On “Going Low”

I’m teaching critical reasoning this term. It’s one of my favorite classes because it’s so important. Few things are as empowering as being able to reason well. And yet this skill is also a source of enormous frustration in that it is so rare it’s also rarely appreciated. That is, it takes someone who is good at analyzing arguments to be able to recognize when someone else has actually legitimately won an argument rather than simply pummeled his opponent with a hodgepodge of informal fallacies and non-argumentative rhetoric.

I have to explain this to my students. I have to explain to them that reasoning well is actually a rare skill and that people who do not have it will often think they’ve won an argument when they haven’t. You can try, of course, to explain to them what is wrong with their pseudo-argumentation but most people won’t even be able to follow the explanation let alone accept they’ve been beaten in an argument.

This point was driven home to me again recently when I found myself on the receiving end of a hail storm of informal fallacies and non-argumentative rhetoric in the “Letters” section of the Times Literary Supplement in response to a critical review I had done of a book, Philosopher of the Heart: The Restless Life of Søren Kierkegaard (Allen Lane, 2019), by one of their regular reviewers, Clare Carlisle.

The first barrage of pseudo argumentation came from Carlise herself who began her letter with the observation that she knew of me only via my “online dissections of other scholars’ work.” Of course I was thrilled to see my blog described this way, but Carlisle clearly did not intend it as a compliment. It was an ad hominem. That is, I am disparaged personally twice in that one sentence. I am purportedly obscure, in that my work has not come to Carlisle’s attention, hence I’m not qualified to comment on her book. Moreover, I’m not a nice person because I “dissect” the work of other scholars (I was actually taught that such dissection was an important part of what scholarship is.)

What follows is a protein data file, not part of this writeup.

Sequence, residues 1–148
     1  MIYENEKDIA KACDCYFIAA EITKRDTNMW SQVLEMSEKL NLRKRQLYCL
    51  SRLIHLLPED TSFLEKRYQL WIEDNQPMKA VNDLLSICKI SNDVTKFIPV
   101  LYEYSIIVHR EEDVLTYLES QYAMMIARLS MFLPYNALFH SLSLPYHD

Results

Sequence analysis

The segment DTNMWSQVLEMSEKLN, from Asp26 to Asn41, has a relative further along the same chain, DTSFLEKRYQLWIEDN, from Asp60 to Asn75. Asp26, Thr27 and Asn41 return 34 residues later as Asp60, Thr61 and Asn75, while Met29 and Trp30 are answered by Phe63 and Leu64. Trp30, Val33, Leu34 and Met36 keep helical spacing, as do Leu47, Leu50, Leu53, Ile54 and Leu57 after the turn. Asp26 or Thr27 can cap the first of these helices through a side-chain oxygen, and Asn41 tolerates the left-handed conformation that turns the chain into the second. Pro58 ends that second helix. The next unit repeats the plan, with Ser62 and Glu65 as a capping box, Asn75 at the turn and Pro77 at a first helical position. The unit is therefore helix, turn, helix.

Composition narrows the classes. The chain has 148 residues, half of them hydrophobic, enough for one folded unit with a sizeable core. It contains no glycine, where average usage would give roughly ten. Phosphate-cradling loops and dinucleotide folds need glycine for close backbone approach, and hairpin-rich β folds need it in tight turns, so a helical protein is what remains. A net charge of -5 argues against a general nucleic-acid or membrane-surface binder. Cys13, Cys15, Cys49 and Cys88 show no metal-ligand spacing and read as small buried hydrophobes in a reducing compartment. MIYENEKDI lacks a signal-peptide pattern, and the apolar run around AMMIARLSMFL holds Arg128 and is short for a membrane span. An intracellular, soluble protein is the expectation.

This ad hominem is followed immediately by a straw man. That is, Carlisle accuses me of being unable to appreciate the unique genre of her book. which is a combination of biography and philosophy. This is a straw man, which is to say a mischaracterization of one’s opponent’s argument, in that my criticism was that the book was in fact a combination of biography and fiction in that Carlisle simply makes up thoughts that she attributes to Kierkegaard without this qualification, and in that she gets some facts wrong.

This straw man is then followed by a claim that is demonstrably false. That is, I had mentioned in my review that the references in the book were incomplete. This charge, claimed Carlisle “is simply false.” Except that it isn’t simply false, as I detailed in a letter in the “Letters” section the following week where I cited by page number four of the many quotations for which she is missing references.

I doubt that Carlisle intentionally lied when she asserted that my charge that the book’s references were incomplete was false. She just didn’t bother to check to see if she might have forgotten to include a reference here or there.

Following immediately upon this falsehood is another straw man. Here, instead of responding to my observation that she had based her claim that Kierkegaard was ambivalent about Christianity on a conflation of two distinct Danish terms, she mischaracterizes my criticism as a claim that ambivalence and deep commitment are mutually exclusive and argues that it is possible to be both deeply committed to something and ambivalent about it. This point needs further qualification, of course, in that while it is certainly possible to have these conflicting feelings intermittently with respect to the same object, it is not possible to have them simultaneously with respect to the same object. They are mutually exclusive.

That’s not the point, however. The point is that whether it’s possible to be both ambivalent about something while also being deeply committed to it was entirely irrelevant to my criticism. My criticism was that Carlisle had used Kierkegaard’s pejorative references to “Christendom” to support her claim that he was ambivalent about Christianity when she should have known that Kierkegaard does not use “Christendom” to refer to Christianity. but to a culture that purports to be Christian but is not. I made that point very clear in my review, so it is disingenuous of Carlisle to ignore it and and argue instead against a point I did not make.